Presentations are evaluated on a 10-point scale: 2 points for each of the following components, plus 2 points for clarity and polish.

  • Motivating or explanatory examples
  • Setting and background
  • Main technical content
  • Facilitating discussion
Clarity and polish points are given automatically for students that schedule (or record) a practice talk at least 1 day before the presentation to receive feedback.

Project

Students will form groups of 2 or 3 to design and implement a project with a significant security component. Projects may take many forms, but in general should include an implemented or simulated system that does something interesting with potential security issues that are protected by some enforcement mechanism. Each group will submit a writeup (min. 5-page, 10pt, single column), their implementation and some demonstration of its functionality. The writeup should include:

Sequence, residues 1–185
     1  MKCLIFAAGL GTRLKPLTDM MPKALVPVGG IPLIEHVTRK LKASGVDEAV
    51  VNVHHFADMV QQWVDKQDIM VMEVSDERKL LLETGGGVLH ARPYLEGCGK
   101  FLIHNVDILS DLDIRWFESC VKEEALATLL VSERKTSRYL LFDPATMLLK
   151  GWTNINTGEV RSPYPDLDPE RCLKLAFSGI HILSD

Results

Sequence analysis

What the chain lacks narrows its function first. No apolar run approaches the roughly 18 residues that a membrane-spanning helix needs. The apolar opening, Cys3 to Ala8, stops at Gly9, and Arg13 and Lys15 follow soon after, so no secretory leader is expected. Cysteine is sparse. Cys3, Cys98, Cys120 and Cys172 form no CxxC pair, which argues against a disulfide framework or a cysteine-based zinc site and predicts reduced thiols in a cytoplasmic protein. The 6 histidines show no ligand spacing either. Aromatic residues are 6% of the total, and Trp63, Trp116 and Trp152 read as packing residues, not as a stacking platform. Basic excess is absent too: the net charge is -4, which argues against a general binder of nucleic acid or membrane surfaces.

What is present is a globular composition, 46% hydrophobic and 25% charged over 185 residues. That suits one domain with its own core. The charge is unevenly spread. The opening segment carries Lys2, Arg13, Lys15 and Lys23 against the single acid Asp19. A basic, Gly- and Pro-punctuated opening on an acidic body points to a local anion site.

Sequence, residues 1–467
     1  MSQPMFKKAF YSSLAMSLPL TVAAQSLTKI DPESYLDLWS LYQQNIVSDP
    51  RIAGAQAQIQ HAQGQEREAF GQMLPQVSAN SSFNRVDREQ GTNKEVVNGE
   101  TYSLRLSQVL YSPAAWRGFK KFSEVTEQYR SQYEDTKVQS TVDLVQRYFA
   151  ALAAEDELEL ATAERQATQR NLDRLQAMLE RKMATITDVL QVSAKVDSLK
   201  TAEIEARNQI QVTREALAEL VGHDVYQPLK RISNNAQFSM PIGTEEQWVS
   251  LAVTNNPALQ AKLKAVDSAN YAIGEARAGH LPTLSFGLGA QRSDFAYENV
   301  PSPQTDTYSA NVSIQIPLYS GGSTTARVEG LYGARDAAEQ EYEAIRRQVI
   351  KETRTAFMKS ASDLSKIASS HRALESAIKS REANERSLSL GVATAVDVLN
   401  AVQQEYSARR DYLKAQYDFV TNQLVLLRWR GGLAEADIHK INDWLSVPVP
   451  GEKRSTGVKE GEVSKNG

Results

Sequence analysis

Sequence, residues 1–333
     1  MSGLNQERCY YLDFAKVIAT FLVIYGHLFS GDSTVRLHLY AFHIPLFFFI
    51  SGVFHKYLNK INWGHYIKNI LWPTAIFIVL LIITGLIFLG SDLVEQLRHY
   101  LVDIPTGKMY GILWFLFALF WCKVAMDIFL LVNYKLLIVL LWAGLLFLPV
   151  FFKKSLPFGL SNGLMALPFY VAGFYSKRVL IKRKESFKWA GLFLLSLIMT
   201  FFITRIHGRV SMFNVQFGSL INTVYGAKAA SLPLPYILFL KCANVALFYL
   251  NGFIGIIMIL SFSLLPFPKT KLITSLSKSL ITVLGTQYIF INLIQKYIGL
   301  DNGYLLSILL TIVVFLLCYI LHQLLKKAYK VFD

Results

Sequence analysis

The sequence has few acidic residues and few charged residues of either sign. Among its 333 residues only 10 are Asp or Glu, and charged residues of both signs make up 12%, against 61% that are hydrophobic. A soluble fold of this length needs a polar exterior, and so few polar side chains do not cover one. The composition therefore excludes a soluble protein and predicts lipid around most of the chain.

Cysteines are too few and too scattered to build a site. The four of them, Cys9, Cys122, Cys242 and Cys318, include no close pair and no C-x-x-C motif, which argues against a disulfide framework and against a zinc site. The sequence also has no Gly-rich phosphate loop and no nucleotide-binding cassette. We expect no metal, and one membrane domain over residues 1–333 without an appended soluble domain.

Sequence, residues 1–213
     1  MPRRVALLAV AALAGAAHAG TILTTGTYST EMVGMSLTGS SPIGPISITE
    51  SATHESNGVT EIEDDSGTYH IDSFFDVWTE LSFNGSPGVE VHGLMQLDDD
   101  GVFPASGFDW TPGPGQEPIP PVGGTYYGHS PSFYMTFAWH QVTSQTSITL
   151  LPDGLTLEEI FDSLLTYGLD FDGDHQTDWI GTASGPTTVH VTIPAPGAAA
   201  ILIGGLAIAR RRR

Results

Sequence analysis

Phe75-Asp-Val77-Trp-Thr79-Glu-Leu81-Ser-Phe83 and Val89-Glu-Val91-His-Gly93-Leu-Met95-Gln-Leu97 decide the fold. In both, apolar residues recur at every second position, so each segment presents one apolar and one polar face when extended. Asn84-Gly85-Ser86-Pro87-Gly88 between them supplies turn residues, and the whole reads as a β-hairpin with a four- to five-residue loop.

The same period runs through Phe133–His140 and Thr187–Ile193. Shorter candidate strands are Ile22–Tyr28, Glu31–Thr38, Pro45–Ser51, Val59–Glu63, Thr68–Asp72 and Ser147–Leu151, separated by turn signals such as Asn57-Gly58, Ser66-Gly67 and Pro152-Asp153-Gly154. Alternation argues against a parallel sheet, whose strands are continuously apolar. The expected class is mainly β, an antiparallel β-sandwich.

• A precise defintion of what it means for that system to be secure
  • A precise description of the threat model
  • A description of the enforcement mechanism
  • An argument for why the enforcement mechanisms ensure the definition of security.
  • A discussion of this argument's assumptions, and the level of assurance of the design’s and/or implementation’s correctness.
Projects will be evaluated on a 20-point scale: 10 points for the design and implementation, 5 points for the demo, and 5 points for the writeup.

Schedule (subject to change)

# Date Topic/notes Readings Presenter Assignments